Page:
[Image: sesamoid-bone-hand.jpg]

Now look at the neanderthal hand. Notice how the tufts at the ends of the fingers are massive in comparison. If these two pictures were relatively the same size, you'd notice that the other bones were thicker too.

[Image: shan4hand1.jpg]

3) Their inner ear was smaller than ours, which means they were probably less agile than us. This might explain why we out lived them. This might also explain #5 on this list.

[Image: 47318654.png]

4) Like British longbowmen with the bones of one arm being thicker than the other due to the stress of pulling a bow, many neanderthal have thicker arm bones due to their spear thrusting. Although, one study suggested this might have been from scraping hide.

5) Fossils of neanderthals have a large amount of injuries comparable to that of rodeo riders. Their up close and personal thrusting spear technology may explain this. They essentially got too close to their unwilling prey and got hurt in the process. Early humans used atlatls, a device that extended the length of the arm and allowed for more forceful, and most importantly, longer distance dart-spear throws. Our fossils do not have nearly as many injuries.





6) They cared for their old and infirm. This is best illustrated by the following skull. The person was so old (40) that their teeth fell out and bone grew over the sockets. There is no way they could have survived on their own. Their lack of teeth indicates that someone most likely pre-chewed their food for them.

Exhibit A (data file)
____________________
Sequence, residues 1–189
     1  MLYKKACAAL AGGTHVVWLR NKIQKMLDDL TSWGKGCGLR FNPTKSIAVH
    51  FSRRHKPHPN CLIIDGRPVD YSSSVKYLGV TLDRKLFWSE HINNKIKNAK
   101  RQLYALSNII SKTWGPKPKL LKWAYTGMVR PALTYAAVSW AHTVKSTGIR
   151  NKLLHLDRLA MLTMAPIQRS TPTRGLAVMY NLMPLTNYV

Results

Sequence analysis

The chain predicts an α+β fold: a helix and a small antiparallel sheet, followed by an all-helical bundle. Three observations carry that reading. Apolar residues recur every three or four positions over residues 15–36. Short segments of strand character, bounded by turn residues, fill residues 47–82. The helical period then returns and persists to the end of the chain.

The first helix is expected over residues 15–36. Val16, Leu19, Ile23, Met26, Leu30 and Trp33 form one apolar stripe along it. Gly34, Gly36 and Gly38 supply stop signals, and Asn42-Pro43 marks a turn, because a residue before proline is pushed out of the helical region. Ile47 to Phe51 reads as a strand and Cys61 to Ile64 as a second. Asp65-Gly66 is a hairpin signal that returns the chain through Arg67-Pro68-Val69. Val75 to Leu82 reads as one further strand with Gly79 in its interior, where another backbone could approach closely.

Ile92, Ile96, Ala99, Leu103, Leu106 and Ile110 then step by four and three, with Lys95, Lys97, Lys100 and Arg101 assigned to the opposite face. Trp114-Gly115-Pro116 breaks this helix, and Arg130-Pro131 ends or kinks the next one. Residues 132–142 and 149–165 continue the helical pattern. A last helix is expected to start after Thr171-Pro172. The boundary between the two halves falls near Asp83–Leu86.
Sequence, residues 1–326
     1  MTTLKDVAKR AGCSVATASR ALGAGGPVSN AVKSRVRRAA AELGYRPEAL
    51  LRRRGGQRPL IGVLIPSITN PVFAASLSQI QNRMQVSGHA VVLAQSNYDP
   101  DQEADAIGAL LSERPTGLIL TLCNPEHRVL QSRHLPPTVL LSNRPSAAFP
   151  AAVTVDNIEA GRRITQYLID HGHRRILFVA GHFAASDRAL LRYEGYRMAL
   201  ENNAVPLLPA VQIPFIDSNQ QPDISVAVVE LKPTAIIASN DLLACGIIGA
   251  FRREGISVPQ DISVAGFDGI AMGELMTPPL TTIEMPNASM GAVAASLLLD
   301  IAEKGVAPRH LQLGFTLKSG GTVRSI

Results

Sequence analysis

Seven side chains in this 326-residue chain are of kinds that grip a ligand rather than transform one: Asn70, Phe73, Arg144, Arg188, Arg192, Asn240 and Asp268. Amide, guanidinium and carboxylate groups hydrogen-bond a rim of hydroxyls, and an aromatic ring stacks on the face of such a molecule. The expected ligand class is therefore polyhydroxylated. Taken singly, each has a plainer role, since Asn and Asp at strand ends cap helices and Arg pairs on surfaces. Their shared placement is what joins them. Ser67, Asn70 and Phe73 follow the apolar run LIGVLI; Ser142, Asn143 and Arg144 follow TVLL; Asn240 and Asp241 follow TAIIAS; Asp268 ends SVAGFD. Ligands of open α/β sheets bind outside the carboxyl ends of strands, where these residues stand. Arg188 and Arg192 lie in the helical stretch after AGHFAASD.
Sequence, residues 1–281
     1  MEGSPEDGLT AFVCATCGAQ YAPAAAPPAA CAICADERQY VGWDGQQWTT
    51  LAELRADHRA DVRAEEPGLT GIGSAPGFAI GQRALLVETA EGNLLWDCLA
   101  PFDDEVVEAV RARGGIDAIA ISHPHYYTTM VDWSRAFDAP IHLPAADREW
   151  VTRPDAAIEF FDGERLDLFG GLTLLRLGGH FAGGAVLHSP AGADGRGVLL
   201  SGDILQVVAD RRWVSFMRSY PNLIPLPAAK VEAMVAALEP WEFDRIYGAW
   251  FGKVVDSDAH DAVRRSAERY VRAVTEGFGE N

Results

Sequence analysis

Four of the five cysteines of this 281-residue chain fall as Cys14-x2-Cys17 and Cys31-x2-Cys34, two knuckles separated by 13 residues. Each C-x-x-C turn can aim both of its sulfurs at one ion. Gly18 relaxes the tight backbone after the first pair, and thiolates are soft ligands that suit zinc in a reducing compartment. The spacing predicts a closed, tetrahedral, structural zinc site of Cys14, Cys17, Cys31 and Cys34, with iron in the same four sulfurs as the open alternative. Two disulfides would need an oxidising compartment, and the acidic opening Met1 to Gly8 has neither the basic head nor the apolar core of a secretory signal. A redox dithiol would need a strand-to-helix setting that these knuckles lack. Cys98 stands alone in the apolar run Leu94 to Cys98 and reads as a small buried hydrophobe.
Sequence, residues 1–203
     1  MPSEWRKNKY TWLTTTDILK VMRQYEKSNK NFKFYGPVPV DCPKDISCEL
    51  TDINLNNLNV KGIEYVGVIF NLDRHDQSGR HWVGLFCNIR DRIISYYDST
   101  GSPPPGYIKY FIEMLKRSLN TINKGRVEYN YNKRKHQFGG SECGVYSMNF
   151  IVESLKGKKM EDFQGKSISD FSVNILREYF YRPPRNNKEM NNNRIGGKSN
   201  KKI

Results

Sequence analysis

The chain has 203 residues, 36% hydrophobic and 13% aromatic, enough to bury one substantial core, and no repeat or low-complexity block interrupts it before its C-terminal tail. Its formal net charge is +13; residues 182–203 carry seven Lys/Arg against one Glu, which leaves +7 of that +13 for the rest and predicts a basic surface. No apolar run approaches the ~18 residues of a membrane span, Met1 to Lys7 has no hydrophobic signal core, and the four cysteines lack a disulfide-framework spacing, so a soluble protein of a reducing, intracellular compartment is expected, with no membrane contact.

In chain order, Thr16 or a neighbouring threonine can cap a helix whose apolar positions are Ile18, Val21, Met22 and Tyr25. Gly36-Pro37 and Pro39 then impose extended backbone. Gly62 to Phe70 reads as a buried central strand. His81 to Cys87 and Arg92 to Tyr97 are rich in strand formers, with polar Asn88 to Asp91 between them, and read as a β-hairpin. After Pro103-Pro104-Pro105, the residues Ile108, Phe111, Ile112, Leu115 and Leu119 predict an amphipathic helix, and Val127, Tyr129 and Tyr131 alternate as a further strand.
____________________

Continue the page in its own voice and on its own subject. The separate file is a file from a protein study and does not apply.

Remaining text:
[Image: la-chapelle-725189.jpg]

This is awesome shit man! Keep it coming.

We may need to change the thread title to, "what did you learn from ghostexorcist today."!

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02-05-2013, 10:33 AM
RE: What Did You Learn Today?
(02-05-2013 09:50 AM)Vera Wrote:  
(02-05-2013 06:07 AM)Full Circle Wrote:  *Edit: Glad my 1000th post had something to do with science and absurdity!
You owe me a drink. Or something.

[Image: mojito2.jpg]

A mojito or Draque made with Bacardi Superior rum! Done.

Here's to you and the forum Thumbsup

http://www.bacardi.com/us/cocktails/bacardi-mojito

“I am quite sure now that often, very often, in matters concerning religion and politics a man’s reasoning powers are not above the monkey’s.”~Mark Twain
“Ocean: A body of water occupying about two-thirds of a world made for man - who has no gills.”~ Ambrose Bierce
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02-05-2013, 10:39 AM
RE: What Did You Learn Today?
That the mojito used to be called El Draque, after Francis Drake Big Grin

(02-05-2013 10:33 AM)Full Circle Wrote:  A mojito or Draque made with Bacardi Superior rum! Done.

A rum man after my own heart... [Image: th_ALEMON.gif]

"E se non passa la tristezza con altri occhi la guarderò."